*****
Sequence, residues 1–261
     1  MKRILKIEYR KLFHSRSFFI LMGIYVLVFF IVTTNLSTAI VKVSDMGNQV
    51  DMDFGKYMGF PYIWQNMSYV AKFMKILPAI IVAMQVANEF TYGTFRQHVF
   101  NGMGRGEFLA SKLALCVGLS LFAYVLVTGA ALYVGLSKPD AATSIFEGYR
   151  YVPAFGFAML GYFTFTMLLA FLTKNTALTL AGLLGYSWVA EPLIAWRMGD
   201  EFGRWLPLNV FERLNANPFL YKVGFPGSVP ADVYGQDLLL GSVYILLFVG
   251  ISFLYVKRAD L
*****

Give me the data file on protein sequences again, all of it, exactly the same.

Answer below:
Sequence, residues 1–261
     1  MKRILKIEYR KLFHSRSFFI LMGIYVLVFF IVTTNLSTAI VKVSDMGNQV
    51  DMDFGKYMGF PYIWQNMSYV AKFMKILPAI IVAMQVANEF TYGTFRQHVF
   101  NGMGRGEFLA SKLALCVGLS LFAYVLVTGA ALYVGLSKPD AATSIFEGYR
   151  YVPAFGFAML GYFTFTMLLA FLTKNTALTL AGLLGYSWVA EPLIAWRMGD
   201  EFGRWLPLNV FERLNANPFL YKVGFPGSVP ADVYGQDLLL GSVYILLFVG
   251  ISFLYVKRAD L